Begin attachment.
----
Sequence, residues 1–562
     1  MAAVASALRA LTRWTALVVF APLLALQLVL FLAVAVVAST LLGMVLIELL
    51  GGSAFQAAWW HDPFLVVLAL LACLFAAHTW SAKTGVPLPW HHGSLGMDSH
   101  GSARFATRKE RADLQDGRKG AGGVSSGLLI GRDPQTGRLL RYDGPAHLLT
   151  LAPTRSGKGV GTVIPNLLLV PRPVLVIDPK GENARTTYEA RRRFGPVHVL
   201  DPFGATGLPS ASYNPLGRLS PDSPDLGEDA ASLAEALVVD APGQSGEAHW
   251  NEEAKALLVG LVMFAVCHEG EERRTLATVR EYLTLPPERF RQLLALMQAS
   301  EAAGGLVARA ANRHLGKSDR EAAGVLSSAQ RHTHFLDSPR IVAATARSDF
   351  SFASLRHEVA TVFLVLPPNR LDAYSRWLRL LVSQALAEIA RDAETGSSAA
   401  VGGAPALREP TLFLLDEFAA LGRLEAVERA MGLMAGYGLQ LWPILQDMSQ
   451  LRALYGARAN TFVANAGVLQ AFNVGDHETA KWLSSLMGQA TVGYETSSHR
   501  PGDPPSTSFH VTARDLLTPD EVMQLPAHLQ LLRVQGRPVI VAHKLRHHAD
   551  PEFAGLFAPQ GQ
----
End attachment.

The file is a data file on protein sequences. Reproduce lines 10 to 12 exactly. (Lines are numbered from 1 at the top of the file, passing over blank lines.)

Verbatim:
   401  VGGAPALREP TLFLLDEFAA LGRLEAVERA MGLMAGYGLQ LWPILQDMSQ
   451  LRALYGARAN TFVANAGVLQ AFNVGDHETA KWLSSLMGQA TVGYETSSHR
   501  PGDPPSTSFH VTARDLLTPD EVMQLPAHLQ LLRVQGRPVI VAHKLRHHAD